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Mon, 10 Apr 2023 | PMS AIF World

Exclusive Interview with Anup Maheshwari, Co-founder & CIO, 360 ONE Asset

1. Where do you see markets by FY24?

Having spent more than twenty-five years in the listed equity space, one thing I have absolute certainty about is the inability to have absolute certainty on what the market may be up to in a single day, month or year. One year is too small a time frame to get an estimate of what the market return may look like. Take a look at the image below.

Relation between time volatility and return – Source Bloomberg. The above chart shows the rolling 1yr, 2yr, 3yr, 5yr, 7yr and 10yr returns for Sensex and the volatility in these returns. Volatility has been calculated as the Standard deviation of these returns (dispersion from the mean returns). Data from Jan 2, 1990, to Nov 30, 2022, has been used for this exhibit

The blue line highlights Sensex’s rolling returns from 1990-2022. The green line highlights Sensex’s rolling standard deviation during the same period. As you can see it takes around five years for the return to be higher than the risk and so whenever one is investing in equities, at the very least, one would want to have a five-year investment horizon.

2. What are the three major Headwinds & Tailwinds for the global economy & markets currently?

Headwinds

Rising inflation coupled with rising interest rates impact both businesses and valuations and hence can increase uncertainty in the market. My larger concern though is around the market reaching valuations where the risk-reward may seem less than optimal. 

Tailwinds

As companies diversify their supply chain, India is emerging as an attractive option to set camp. Manufacturing exports is a theme which we at 360 ONE Asset (earlier known as IIFL AMC) see as a theme that may play out in India for the next decade.

3. What is your outlook on the Financials, Manufacturing, and Auto Sector?

I remain positive on financials in the long term. Corporate Balance sheets look healthy and retail and corporate sectors should continue to experience reasonable growth. 

As I touched on earlier, manufacturing is a trend that may acquire more strength over time given the external factors coupled with the comparative tax environment. India could emerge as a global manufacturing hub over the coming decade.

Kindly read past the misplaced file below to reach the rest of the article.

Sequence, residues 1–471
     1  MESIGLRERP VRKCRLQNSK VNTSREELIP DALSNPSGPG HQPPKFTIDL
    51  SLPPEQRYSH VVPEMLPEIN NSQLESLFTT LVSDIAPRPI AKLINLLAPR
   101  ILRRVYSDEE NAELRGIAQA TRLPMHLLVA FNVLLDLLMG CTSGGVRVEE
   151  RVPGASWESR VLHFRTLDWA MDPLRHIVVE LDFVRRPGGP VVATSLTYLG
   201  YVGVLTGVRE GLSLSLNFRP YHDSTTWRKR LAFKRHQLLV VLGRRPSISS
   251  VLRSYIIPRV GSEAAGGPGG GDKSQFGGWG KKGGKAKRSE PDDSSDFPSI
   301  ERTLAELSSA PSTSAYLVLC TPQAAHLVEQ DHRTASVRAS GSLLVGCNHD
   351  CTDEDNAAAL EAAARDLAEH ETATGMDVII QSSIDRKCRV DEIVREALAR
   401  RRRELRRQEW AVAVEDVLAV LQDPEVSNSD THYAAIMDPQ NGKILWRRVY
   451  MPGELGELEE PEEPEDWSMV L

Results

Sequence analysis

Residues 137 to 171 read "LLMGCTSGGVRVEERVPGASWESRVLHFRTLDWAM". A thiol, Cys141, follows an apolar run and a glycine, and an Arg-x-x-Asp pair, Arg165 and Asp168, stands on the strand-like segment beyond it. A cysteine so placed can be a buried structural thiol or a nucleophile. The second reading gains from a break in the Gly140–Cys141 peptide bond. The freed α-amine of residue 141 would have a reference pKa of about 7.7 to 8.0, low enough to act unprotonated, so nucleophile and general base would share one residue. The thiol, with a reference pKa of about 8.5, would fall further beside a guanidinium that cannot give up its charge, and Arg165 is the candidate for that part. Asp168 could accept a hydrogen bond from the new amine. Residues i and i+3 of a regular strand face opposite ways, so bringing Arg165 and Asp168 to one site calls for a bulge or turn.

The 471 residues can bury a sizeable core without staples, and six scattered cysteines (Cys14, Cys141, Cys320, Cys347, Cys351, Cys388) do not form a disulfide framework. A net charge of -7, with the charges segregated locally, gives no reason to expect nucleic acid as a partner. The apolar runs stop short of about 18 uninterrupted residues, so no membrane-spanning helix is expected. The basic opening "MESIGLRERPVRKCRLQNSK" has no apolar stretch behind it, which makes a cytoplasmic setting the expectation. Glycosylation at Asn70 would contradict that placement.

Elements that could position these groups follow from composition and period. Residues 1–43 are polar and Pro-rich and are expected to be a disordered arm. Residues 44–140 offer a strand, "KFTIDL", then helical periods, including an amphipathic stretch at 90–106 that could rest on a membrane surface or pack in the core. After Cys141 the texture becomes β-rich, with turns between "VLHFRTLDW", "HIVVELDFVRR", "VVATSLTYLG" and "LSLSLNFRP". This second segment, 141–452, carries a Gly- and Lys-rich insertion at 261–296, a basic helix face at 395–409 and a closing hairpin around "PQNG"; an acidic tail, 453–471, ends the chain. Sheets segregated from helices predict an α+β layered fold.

The Auto sector tends to be quite cyclical. It has performed well over the last year and so my only concern is around the fact that a lot of the upside may already be priced in. 

4. What’s your conviction on the SCDV framework for the current decade?

In 360 ONE Asset's SCDV Framework, businesses with a consistently high return on Equity and profit growth show up as secular stocks. In our framework, out of the past 10 years, these businesses need to show a Return on Equity and profit growth greater than 15% for at least 6 years to be classified as secular. Compared to the market benchmark we tend to be overweight on secular businesses. 

Defensive stocks are efficient but do not show rapid profit growth that secular stocks do. Cyclicals on the other hand can rapidly grow profits for a few years but may not be very efficient across the cycle. Our portfolio allocation to cyclical and defensive stocks is a function of the prevailing market conditions and economic cycle. Value Traps are businesses that have not demonstrated high growth or efficiency in the past. We usually remain underweight on Value Traps compared to the benchmark.  

Source: Internal, Bloomberg, Returns of equal-weighted baskets during calendar years for S&P BSE 200 Index. *Data as on Nov 30, 2022. ^CAGR is for the period Dec 31, 2006, to Dec 31, 2021. Past Performance may or may not be sustained in future.

As the image above shows, in equal-weighted portfolios across these quadrants over sixteen years, seculars are the best-performing quadrant followed by defensives and cyclicals. Value Traps over that same period have delivered the lowest returns. We continue to believe that this will carry on.  

While Seculars may have underperformed value traps in the last two years, we are not too concerned, as in the long run we believe that businesses that demonstrate high growth and profitability will do better than the rest. To draw a cricket parallel if a full toss gets you a wicket, you don’t start bowling full tosses every ball. That is not to say that we do not examine businesses that have the potential to switch quadrants. However, we do not feel compelled to make any changes to our SCDV framework.